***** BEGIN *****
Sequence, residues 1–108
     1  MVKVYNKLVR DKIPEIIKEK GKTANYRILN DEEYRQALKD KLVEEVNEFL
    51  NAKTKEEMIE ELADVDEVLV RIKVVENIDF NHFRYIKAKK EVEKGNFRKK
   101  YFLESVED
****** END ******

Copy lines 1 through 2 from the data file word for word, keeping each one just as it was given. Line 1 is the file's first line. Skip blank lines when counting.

Sequence, residues 1–108
     1  MVKVYNKLVR DKIPEIIKEK GKTANYRILN DEEYRQALKD KLVEEVNEFL